Everyone in the world is entitled to the same fundamental human rights. There are 30 of them, in fact. They are the universal human rights that we, as citizens of this world, have agreed we are all entitled to. They include the right to live free from torture, the right to live free from slavery, the right to own property, and the right to equality and dignity, and to live free from all forms of discrimination.
- Human rights describe how we instinctively expect to be treated as persons.
- Human rights define what we are all entitled to a life of equality, dignity, respect, and a life free from discrimination.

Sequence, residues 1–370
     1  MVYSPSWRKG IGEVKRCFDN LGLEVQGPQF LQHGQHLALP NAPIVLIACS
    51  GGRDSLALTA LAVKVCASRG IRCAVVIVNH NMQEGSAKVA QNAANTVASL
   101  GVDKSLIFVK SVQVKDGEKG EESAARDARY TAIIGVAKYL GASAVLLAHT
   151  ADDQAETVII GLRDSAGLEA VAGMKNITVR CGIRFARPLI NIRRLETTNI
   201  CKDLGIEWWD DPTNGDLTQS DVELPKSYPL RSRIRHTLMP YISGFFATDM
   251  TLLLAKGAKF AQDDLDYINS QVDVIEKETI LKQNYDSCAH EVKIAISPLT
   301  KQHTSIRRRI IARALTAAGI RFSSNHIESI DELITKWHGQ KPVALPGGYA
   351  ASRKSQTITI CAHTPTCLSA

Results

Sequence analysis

- You do not have to earn your human rights. You are born with them. They are the same for every person.
- Nobody can give them to you. But they can be taken away.
- Countries have human rights laws to make sure that people and governments are held accountable if your human rights are not respected. In Canada, your human rights are protected by provincial, territorial, federal and international laws.